A late October-early November drive through the western Hill Country of Texas will take you to the land of the Lost Maple trees, a spectacular and awe-inspiring autumn spectacle of colors when conditions are just right, an area designated as one of the top ten fall foliage viewing sites in the nation by About.com.
Lost Maples State Natural Area is a dedicated 2,200-plus acre nature preserve and a mixture of rugged limestone cliffs, deep canyons, dazzling hilly countryside, full of clear spring-fed streams, and populated by the largest forest of Canadian bigtooth maple trees in the state.
It is the canyon country of the natural area and the abundant underground springs that keep the "lost" maples healthy. At one time, when Texas was much cooler, the bigtooth populated the Hill Country countryside. But with climate changes down through the years, the bigtooth now requires the fresh, cool water and the natural shade and protection offered by the hills and canyons to survive.
Designated a National Natural Landmark, the park offers picnicking, camping, fishing and wildlife observation opportunities and over 10 miles of hiking and backpacking trails to enjoy any time of year. But it is the fall season that attracts so many sightseers from across the state who anxiously await word each year that the trees are turning colors. A special telephone hotline and a foliage watch Web site have been created to keep the public informed with reports on the changing of the colors show.
To obtain the fall foliage report (available after October 1), call (800)792-1112 during business hours or (512)389-4449 any time. Or log on to the Texas Parks & Wildlife Department's foliage report Web portal for daily observations.
Once inside the park you can leave your car in a common parking area and head out on several trails that each offer a variety of opportunities to observe the native wildlife of the region. You can expect to find over 200 species of birds, whitetail deer, armadillos, squirrels, skunks, raccoons, ringtails, insects, snakes and rodents. The evening skies can be filled with brown Mexican bats, and it's not at all unusual to encounter hawks, brown eagles and even falcons keeping watch from the sky above.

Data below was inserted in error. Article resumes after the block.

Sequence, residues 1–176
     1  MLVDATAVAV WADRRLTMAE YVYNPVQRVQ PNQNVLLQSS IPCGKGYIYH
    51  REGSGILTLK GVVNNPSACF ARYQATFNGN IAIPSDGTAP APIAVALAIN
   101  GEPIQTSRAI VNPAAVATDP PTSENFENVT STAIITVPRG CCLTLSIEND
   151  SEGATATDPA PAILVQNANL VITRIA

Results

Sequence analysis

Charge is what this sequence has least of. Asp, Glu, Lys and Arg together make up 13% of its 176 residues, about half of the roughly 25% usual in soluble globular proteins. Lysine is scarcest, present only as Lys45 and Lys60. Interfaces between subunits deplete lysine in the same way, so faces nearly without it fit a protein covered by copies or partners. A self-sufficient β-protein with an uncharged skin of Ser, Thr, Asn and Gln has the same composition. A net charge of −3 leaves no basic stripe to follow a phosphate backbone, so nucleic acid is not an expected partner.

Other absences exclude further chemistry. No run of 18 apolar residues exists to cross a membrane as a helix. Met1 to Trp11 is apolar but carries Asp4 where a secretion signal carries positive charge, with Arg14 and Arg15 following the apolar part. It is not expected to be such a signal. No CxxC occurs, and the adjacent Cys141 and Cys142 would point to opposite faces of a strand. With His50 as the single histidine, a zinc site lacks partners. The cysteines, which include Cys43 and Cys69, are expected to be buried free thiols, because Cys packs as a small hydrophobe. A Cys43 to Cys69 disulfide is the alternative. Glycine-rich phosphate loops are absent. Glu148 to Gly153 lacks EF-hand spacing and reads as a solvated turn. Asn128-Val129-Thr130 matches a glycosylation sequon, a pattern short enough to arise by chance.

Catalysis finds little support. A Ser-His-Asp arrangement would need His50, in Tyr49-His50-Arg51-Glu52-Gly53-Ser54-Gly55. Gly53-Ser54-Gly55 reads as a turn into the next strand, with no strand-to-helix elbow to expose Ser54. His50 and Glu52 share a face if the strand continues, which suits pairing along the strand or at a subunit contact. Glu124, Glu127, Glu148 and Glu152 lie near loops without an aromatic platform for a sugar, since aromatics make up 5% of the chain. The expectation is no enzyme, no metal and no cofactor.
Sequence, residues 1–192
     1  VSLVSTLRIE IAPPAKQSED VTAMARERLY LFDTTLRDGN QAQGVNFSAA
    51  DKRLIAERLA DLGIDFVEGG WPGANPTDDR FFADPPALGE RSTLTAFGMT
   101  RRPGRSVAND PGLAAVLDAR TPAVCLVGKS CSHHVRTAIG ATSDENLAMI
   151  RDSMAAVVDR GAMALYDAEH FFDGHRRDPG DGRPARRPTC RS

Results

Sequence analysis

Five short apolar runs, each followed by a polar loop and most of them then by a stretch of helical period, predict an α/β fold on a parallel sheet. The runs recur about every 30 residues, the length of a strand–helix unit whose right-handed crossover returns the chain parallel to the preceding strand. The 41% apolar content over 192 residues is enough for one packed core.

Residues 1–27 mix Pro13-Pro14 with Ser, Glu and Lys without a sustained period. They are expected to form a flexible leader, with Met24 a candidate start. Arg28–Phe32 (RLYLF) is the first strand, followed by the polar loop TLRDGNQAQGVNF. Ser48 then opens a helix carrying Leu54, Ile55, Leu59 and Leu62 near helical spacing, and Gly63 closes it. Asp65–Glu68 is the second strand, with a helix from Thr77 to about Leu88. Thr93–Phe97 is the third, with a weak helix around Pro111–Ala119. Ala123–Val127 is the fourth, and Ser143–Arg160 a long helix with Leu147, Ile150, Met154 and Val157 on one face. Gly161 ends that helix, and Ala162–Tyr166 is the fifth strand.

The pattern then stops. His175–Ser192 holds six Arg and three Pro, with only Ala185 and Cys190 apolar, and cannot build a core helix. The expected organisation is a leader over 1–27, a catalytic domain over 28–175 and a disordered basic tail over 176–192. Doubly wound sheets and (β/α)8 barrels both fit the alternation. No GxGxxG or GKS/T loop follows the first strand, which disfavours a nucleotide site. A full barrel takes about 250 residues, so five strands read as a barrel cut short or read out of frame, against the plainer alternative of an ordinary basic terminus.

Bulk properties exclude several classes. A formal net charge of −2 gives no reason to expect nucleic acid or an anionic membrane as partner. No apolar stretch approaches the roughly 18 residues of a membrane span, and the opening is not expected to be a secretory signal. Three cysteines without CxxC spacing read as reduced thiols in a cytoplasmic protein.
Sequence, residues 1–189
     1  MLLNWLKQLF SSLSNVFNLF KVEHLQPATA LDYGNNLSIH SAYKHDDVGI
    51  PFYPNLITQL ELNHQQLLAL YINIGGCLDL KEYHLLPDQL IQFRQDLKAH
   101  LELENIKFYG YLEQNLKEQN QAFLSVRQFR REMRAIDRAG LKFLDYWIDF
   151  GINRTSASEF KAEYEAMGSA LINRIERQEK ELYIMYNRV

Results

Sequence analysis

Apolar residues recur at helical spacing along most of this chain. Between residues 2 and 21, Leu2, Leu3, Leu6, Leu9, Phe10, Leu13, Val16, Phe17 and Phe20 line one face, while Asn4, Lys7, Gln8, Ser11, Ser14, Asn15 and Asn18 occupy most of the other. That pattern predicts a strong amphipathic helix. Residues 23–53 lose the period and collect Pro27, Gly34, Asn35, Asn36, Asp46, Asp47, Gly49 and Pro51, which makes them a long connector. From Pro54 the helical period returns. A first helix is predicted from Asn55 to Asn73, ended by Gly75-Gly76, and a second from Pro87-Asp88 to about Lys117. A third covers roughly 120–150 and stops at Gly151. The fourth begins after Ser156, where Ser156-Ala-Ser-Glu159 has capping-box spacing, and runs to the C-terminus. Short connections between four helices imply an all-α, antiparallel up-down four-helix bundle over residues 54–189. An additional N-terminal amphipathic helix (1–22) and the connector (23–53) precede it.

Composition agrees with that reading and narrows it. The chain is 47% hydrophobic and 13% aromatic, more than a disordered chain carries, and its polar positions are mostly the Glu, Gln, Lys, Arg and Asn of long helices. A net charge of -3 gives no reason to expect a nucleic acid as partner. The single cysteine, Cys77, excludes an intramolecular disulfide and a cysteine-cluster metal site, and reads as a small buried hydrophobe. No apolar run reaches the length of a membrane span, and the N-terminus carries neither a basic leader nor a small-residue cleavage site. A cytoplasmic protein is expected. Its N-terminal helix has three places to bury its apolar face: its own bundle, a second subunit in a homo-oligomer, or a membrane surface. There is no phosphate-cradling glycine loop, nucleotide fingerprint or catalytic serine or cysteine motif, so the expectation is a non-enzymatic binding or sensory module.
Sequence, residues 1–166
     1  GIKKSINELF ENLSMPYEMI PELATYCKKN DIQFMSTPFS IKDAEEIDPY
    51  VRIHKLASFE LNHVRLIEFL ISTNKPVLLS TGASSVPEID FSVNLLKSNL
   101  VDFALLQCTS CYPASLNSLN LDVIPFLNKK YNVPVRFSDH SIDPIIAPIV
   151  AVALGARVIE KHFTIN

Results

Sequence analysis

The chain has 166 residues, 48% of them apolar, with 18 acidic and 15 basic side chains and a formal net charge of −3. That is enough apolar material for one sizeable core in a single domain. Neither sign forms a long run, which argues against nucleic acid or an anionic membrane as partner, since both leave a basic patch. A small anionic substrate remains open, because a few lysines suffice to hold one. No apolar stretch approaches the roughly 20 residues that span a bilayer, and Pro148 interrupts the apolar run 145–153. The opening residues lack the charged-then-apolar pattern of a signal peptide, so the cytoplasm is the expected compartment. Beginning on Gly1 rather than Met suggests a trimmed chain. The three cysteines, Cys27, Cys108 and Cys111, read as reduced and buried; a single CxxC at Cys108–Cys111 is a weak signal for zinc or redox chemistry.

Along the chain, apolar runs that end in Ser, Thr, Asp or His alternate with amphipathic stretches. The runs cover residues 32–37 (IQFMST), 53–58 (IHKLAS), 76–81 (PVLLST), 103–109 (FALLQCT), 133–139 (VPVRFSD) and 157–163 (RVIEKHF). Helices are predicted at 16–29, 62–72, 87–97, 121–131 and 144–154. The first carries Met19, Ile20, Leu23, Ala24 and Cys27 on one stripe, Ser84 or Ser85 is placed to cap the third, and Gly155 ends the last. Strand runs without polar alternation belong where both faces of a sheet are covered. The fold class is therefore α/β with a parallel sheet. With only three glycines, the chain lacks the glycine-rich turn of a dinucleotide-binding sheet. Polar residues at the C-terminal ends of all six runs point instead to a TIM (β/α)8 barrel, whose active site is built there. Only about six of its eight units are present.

The Sabinal river and several small streams that run through the canyons offer limited fishing opportunities. There is an area along the river that has been dammed and a small lake formed, a good spot for swimming and fishing.
But the life of the party are the majestic maple trees that sway gently in the canyon breezes, especially when adorned in their full autumn colors.
The trail system offers several types of terrain for all skills level, from level trails that follow the largest of the canyons for a scenic route through overhanging maples and cypress, to strong climbs over a ridge that forms the cliff wall of the Sabinal canyon. There are other, hidden canyons along the later trail and well worth the walk if you're up to the exercise. Be warned, you should be in reasonably fit condition before you tackle the more difficult trails of the park.
Now that the critical period for the color change has arrived, there are updates everyday, so it becomes difficult to advise you when it is best to make the trip to this Hill Country attraction. As of this writing, here is the latest from the Texas Parks and Wildlife Department:
Some subtle color changes in the Maples in the Picnic area are starting to occur. The Champion Big Tooth Maple at the head of the East Trail has started to turn. Some Maples turn early and some later, this is normal and happens every year. We have had several days of rain this past week, however only accumulated .72 of an inch. Temperatures have held in the 70's and 80's for daytime highs and the upper 50's to low 60's for the nights. It is great camping and hiking weather, so get out and enjoy. Avoid the big crowds and come during the weekdays.
Location: Approximately 4 miles north of Vanderpool on Ranch Road 187; alternatively, 35 miles west of Kerrville on Texas Highway 39 to Ranch Road 187, then 15 miles on Ranch Road 187 to the park entrance.
Hours: Open 7 days a week year-round; open 8:00am to 10:00pm except for overnight guests.
For more information: Call the Ranger Station at (210)966-3413 or State Park Reservations at (512)389-8900.
And call the Texas Parks & Wildlife information hotline at 1-800-792-1112 prior to planning your fall visit to the park; when controlled public hunts are in progress, general park access is not permitted. The hotline is available between 8:00am and 5:00pm Monday through Friday.